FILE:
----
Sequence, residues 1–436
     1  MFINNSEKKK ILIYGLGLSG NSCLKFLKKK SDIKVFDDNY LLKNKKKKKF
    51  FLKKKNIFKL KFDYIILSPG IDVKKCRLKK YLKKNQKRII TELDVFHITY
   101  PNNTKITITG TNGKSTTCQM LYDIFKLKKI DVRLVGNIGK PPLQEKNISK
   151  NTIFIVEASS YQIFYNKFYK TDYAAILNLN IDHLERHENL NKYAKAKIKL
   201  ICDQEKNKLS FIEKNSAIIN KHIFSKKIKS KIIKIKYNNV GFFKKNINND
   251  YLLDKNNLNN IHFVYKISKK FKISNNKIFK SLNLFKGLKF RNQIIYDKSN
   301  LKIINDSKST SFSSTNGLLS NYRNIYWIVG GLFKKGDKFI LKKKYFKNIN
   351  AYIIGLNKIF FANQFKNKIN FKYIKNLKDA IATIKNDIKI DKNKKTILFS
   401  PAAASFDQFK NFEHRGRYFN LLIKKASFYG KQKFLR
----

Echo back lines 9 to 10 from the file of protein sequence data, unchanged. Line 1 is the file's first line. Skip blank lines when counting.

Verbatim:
   351  AYIIGLNKIF FANQFKNKIN FKYIKNLKDA IATIKNDIKI DKNKKTILFS
   401  PAAASFDQFK NFEHRGRYFN LLIKKASFYG KQKFLR